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The 2013 Nissan Altima 3.5 SL Is A Race Car Pretending To Be A Family Sedan




When you think Altima, you should immediately think “Zero Gravity seating” because that is the first thing you’ll notice when you get in this midsize sedan. From the outside, of course, the styling is excellent with just enough flair to be unique but not so much that it becomes an oddity. Of course, with rivals like the Ford Fusion and Mazda6, the Altima has to look good to be noticed.

All of this hides something unexpected. Were the ultra-comfortable seats and beautiful exterior style all that the 2013 Altima had, it would be just another contender in the midsize sedan market – a veritable snore fest of vehicles fit mainly for paunch-laden middle management and grandma. The 2013 Altima has something up its sleeve, though, that changes that: a 3.5-liter powerhouse that begs to break speed limits and scream like a muscle car.

While the Dodge Challenger and Chevrolet Camaro also attempt to be the best of both worlds, with their sedan-style roominess and muscles under the hood, the 2013 Altima 3.5 SL makes it happen for one simple reason: it doesn’t look like a wannabe muscle car and doesn’t have the graying nameplate relying on bygone associations to be taken as one. Instead, the Altima 3.5 looks like a well-designed sedan, but doesn’t pull out the muscle until the timing is just right.

Then everyone notices because it’s completely unexpected.


From experience, I can tell you that the 2013 Nissan Altima 3.5 SL has a real-world zero to 60 time of under six seconds and does a quarter mile in about fourteen seconds with a speed very close to 100 miles per hour (99.6). All in Sport Mode, of course (Ds on the shifter). And all with a continuously variable transmission (CVT). Yes, a CVT in a car that’s being described as not only “sporty,” but muscularly so. That’s due to the way Nissan engineered the control software for that aforementioned Sport Mode.

When in Ds, the 2013 Altima 3.5 SL will ramp up the RPM to nearly 7,000 before the CVT does any shifting and will keep RPM at over 4,000 until you let off the accelerator to slow down or even out your speed. Since the 3.5-liter V-6 engine’s sweet spot for torque is at about 6,000 RPM and its best horsepower comes at 4,400 RPM, this means all of the engine’s output is being focused on propelling the car. And propel it does.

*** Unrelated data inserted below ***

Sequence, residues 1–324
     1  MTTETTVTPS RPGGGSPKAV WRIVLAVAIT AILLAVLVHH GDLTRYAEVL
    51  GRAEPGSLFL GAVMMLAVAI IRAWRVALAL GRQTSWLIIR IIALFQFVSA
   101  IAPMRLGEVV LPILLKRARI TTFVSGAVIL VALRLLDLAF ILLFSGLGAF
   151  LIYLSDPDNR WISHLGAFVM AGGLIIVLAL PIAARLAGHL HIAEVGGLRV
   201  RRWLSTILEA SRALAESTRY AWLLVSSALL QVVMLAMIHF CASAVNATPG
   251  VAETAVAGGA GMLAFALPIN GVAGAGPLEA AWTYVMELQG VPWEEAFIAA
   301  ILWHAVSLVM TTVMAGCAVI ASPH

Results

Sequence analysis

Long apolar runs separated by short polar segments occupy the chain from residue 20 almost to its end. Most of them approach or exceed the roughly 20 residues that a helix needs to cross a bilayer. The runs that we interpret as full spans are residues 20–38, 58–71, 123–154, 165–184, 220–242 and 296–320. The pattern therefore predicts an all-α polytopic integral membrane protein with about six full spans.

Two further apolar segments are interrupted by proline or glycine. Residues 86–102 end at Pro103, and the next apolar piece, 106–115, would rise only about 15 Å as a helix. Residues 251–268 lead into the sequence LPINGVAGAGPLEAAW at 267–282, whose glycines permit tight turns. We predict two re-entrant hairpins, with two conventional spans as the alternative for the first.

The Altima is more than capable of entering a freeway on ramp at under 20 mph and accelerating to 80+ mph on the merge. It can power around slow-moving traffic with ease and, if you desire, do it with enough G-force pushing you back to force a grin. And it’s not just great on the straightaways either.

The Altima 3.5 has excellent handling characteristics. The proven strut-based suspension adds Active Understeer Control and better tuning to give the new Altima a great feel in corners. Far better than a Toyota Camry.


Obviously, of course, no one buys a midsize sedan merely to have a sports car. It’s expected to be a capable family car as well. The Nissan Altima fits that role perfectly. The interior is very roomy, well thought out, and the Zero Gravity seating cannot be touted enough. The trunk is huge and is what we in the industry describe as “a Jersey 3-body” in size. In the SL package, the Altima adds a lot of exterior bling – just enough to be stylish, but not so much it becomes gaudy – and great interior connectivity and electronics offerings. Paddle shifting, should you wish to use it, is standard with the 3.5 and beautiful leather and interior trim is also standard with the SL. Every Altima has top marks in crash tests and safety ratings as well.

The Altima 3.5 SL is a great combination of style, comfort, and raw power in a refined package that should force rivals like Toyota and Honda to take notice. It’s currently the second-best selling midsize sedan on the market, but could easily overtake the aging Camry and hold the lead thanks to this nicely-done redesign.

Besides, it’s just a lot of fun. Once you try the 2013 Altima 3.5 SL, you’ll wear a shit-eating grin that won’t go away until you have to give the car back. Trust me, I know.

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